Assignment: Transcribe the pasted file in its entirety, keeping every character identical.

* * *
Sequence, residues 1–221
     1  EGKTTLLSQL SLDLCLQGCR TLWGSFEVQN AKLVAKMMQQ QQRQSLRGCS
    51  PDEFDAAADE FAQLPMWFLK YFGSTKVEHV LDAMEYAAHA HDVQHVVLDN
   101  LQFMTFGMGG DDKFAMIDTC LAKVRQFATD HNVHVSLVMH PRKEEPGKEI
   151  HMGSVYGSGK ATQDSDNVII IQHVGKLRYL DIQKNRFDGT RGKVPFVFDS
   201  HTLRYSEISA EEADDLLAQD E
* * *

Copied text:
Sequence, residues 1–221
     1  EGKTTLLSQL SLDLCLQGCR TLWGSFEVQN AKLVAKMMQQ QQRQSLRGCS
    51  PDEFDAAADE FAQLPMWFLK YFGSTKVEHV LDAMEYAAHA HDVQHVVLDN
   101  LQFMTFGMGG DDKFAMIDTC LAKVRQFATD HNVHVSLVMH PRKEEPGKEI
   151  HMGSVYGSGK ATQDSDNVII IQHVGKLRYL DIQKNRFDGT RGKVPFVFDS
   201  HTLRYSEISA EEADDLLAQD E